Can I Sue Minor Driver Directly?
Can I sue a minor driver in an car wreck directly or must I do so through a parent
Answer: You sue the minor just like you do an adult, but the difference is in serving. If the minor is over 15, you just serve him. If he is under 15, you serve the parents. See: 12 O.S. Sec. 2004C1c(1) & (2): “c. Service shall be made as follows:
(1) upon an individual other than an infant who is less than fifteen (15) years of age or an incompetent person, by delivering a copy of the summons and of the petition personally or by leaving copies thereof at the person's dwelling house or usual place of abode with some person then residing therein who is fifteen (15) years of age or older or by delivering a copy of the summons and of the petition to an agent authorized by appointment or by law to receive service of process,
(2) upon an infant who is less than fifteen (15) years of age, by serving the summons and petition personally and upon either of the infant's parents or guardian, or if they cannot be found, then upon the person having the care or control of the infant or with whom the infant lives; and upon an incompetent person by serving the summons and petition personally and upon the incompetent person's guardian.”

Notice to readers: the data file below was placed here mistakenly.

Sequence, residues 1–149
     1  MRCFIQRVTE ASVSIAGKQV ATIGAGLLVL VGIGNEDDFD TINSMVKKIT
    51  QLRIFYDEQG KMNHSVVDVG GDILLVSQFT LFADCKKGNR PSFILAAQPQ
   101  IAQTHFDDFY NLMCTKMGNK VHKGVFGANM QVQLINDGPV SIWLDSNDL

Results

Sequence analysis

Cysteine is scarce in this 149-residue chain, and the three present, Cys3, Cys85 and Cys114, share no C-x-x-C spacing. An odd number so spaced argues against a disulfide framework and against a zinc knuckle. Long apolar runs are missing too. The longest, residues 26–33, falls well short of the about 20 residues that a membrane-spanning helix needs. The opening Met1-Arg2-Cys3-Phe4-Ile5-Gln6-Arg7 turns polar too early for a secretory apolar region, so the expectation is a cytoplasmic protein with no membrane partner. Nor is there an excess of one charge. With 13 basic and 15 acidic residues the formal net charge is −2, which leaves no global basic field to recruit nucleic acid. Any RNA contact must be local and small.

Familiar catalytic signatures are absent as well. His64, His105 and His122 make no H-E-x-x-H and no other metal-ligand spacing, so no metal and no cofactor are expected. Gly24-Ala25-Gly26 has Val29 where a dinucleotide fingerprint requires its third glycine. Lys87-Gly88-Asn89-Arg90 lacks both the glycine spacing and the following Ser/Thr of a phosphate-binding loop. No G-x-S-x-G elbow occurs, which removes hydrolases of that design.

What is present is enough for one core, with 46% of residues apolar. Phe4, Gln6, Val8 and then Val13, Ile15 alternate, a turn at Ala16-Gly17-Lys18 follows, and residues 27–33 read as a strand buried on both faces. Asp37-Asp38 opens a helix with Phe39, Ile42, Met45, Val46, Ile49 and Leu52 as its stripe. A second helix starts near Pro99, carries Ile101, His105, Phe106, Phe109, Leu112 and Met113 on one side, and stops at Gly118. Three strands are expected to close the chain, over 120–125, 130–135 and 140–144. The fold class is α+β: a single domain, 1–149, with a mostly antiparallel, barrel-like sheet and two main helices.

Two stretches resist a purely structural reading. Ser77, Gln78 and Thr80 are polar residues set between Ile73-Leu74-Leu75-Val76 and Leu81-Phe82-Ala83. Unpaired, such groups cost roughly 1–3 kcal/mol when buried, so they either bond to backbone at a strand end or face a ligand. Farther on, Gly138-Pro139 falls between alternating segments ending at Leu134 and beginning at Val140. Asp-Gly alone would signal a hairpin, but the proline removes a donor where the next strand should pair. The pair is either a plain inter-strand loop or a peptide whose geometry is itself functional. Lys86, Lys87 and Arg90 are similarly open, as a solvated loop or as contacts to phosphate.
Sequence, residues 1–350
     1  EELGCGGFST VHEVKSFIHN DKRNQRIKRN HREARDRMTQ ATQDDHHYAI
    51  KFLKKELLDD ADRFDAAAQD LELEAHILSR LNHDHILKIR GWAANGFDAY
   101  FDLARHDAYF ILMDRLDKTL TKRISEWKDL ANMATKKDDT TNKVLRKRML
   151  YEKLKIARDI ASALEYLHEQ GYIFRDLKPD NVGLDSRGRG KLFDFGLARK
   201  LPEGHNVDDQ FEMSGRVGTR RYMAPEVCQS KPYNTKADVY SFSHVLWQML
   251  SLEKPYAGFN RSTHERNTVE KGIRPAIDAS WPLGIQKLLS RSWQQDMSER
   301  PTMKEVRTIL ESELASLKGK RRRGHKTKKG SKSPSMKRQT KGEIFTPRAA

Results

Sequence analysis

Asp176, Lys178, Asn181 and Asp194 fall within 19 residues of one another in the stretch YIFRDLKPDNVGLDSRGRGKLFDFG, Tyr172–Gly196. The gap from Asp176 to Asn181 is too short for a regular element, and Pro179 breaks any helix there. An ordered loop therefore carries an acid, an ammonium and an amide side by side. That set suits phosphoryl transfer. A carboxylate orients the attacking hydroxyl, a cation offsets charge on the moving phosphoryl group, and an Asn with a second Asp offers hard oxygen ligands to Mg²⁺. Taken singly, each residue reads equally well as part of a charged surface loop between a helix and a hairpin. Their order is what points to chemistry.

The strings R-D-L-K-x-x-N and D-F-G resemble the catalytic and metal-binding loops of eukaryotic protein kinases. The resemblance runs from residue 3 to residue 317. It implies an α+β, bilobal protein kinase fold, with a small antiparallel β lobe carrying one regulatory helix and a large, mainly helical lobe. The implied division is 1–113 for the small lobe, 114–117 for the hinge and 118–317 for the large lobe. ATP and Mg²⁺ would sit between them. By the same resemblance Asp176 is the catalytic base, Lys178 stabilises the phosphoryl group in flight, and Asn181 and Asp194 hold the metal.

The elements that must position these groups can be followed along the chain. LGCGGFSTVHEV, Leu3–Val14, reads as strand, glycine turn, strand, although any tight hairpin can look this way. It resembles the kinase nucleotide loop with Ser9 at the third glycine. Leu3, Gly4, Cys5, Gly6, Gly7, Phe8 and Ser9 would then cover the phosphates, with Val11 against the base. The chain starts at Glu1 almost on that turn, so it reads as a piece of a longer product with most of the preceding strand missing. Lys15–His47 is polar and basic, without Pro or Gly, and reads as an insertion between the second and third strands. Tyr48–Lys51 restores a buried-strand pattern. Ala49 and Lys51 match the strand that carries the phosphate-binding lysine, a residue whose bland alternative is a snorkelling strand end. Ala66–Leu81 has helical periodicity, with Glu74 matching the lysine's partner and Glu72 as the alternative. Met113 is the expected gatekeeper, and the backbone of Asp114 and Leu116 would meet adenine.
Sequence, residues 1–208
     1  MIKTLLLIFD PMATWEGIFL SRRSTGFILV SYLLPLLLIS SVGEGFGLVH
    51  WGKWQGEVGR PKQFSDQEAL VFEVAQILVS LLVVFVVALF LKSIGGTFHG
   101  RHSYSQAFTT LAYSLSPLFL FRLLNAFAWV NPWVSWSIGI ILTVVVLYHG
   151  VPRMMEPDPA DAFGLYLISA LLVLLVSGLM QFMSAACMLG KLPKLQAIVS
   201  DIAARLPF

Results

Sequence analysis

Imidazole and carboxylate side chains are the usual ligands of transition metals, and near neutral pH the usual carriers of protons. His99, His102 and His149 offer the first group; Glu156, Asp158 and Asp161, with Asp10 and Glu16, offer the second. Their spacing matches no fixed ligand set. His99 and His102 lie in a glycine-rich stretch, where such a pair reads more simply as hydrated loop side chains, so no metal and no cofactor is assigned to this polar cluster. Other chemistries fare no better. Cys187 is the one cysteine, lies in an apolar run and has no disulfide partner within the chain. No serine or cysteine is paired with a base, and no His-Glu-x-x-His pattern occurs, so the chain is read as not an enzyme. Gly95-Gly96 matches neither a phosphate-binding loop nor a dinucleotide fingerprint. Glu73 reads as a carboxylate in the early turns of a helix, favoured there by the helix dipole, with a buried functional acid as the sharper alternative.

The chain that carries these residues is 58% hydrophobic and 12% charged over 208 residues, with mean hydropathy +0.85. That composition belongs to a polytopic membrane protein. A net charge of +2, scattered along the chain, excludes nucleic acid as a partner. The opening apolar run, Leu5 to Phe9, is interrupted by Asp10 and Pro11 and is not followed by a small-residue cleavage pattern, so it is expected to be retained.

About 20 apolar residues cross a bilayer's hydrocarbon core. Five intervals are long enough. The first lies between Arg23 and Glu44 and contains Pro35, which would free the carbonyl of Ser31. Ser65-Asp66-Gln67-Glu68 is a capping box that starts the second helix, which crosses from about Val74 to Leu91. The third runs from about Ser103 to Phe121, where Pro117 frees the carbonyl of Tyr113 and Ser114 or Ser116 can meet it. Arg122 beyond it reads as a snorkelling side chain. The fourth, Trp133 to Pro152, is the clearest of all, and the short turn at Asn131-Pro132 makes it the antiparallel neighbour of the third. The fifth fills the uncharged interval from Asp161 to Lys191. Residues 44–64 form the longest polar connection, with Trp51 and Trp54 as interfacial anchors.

You simply move the court to appoint a guardian ad litem per 12 O.S. Sec. 2017C: “C. INFANTS OR INCOMPETENT PERSONS. Whenever an infant or incompetent person has a representative, such as a general guardian, committee, conservator, or other like fiduciary, the representative may sue or defend on behalf of the infant or incompetent person. If an infant or incompetent person does not have a duly appointed representative he may sue by his next friend or by a guardian ad litem. The court shall appoint a guardian ad litem for an infant or incompetent person not otherwise represented in an action or shall make such other order as it deems proper for the protection of the infant or incompetent person.”
So you defend by a guardian ad litem but you sue by a next friend. The guardian ad litem may, but need not be, the parent.
Posted on Sun, November 7, 2010
by Sharon Coleman